I have no doubt that electric car sales will keep increasing as the technology gets cheaper and better. That's true for everything.
But just like the "OMG ... solar panels are exploding onto the scene, and soon, EVERYONE will have them and pay nothing for electricity!" commenters, you've got a group trying to convince us that electric cars are going to take over in just a few more years.
Both groups have ulterior motives to keep hawking these technologies and come up pretty short when you look at all of the facts.
For one thing, even if electric chargers were everywhere and "range anxiety" was rendered a complete non-issue, AND costs came down so electric cars cost you no premium whatsoever over a gas powered counterpart? You'd have the problem that most electrics are still your generic 4 door sedan or economy car form-factor. The last vehicle I bought was a Jeep Wrangler, and I love it -- but I doubt you'll see one of these sold in an electric version for a LONG time, if ever. Not much available in all electric full size pickup trucks either, or in large cargo/conversion vans, or even full size SUVs.
Another problem which the industry is really downplaying right now is your resale value as these vehicles age. Sure, right now, it seems like a non-issue because so few used electrics are even for sale, the ones out there get sold at prices sellers are happy with. What I'm saying, though, is that given enough time -- electric motors wear out. Even simple devices like ceiling fans develop bad motor bearings or brushes wear out inside them and they start making ticking/clicking noises and eventually burn out. Electric cars may not have near the complexity of gas powered vehicles, but that means that instead, they rely on relatively few, expensive parts that make up the car as a whole. If you've got an old battery that doesn't hold much charge anymore, combined with a failing electric motor -- are you at the point where the car is essentially scrap, vs. the cost of repairing it?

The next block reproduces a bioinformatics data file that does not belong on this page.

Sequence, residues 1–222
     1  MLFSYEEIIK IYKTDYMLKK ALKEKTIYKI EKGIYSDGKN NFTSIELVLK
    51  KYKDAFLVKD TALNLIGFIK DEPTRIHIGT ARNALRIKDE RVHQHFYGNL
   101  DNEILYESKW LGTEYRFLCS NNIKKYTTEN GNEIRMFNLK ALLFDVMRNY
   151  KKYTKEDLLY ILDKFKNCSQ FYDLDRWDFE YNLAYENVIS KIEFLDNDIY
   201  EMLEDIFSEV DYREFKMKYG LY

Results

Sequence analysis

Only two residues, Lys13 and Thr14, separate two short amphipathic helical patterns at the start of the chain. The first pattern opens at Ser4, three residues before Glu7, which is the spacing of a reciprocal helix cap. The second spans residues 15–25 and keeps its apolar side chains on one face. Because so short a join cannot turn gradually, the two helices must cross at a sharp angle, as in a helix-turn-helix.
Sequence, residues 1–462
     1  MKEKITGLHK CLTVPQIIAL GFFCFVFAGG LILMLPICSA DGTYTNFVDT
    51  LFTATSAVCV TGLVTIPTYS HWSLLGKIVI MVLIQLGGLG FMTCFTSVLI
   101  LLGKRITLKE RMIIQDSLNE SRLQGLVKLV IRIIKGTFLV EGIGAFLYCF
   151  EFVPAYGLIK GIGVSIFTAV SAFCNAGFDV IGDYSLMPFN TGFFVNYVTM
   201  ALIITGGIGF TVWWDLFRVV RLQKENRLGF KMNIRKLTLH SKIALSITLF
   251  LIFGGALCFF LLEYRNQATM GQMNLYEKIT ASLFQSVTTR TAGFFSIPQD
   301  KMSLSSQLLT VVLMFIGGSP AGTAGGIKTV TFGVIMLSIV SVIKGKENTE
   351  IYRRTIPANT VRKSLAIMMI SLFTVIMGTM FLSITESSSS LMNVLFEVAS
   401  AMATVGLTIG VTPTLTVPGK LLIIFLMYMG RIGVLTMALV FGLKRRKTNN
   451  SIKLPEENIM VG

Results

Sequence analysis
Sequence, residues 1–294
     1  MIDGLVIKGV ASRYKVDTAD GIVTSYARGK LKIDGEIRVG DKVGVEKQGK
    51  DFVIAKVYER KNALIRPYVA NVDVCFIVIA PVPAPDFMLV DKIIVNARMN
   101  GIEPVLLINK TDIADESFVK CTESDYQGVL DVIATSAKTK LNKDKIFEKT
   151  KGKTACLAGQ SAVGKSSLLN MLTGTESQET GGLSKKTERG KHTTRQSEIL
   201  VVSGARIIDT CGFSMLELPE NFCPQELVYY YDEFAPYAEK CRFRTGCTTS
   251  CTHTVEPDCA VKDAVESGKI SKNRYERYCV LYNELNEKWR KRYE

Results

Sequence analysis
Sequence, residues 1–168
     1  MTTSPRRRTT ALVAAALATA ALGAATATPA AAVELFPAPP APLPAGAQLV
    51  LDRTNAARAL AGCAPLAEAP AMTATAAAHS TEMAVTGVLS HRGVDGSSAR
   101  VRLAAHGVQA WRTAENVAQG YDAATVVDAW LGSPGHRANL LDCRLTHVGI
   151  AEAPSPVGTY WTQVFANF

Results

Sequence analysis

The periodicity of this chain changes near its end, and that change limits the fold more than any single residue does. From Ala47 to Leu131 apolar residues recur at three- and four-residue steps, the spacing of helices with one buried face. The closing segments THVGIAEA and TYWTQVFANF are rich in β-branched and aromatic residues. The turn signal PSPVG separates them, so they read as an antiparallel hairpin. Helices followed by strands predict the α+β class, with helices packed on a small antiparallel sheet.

I think with traditional vehicles, you're far more likely to have random, smaller components fail over time, here and there. So someone gets tired of spending a lot of money on the "money pit" of replacing dry rotted hoses and belts and other wear items like brakes and they decide to sell the car off -- but the next owner finds he/she got a pretty good deal out of it because then it goes for a long time again with relatively little breaking down. Even a total engine rebuild, while a several thousand dollar expense, means the main part of the car is good for another couple hundred thousand miles of driving again.